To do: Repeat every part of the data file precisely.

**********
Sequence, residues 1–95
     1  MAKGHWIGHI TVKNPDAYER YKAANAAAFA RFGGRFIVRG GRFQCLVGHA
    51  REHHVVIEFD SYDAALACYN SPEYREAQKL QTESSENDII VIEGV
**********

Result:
Sequence, residues 1–95
     1  MAKGHWIGHI TVKNPDAYER YKAANAAAFA RFGGRFIVRG GRFQCLVGHA
    51  REHHVVIEFD SYDAALACYN SPEYREAQKL QTESSENDII VIEGV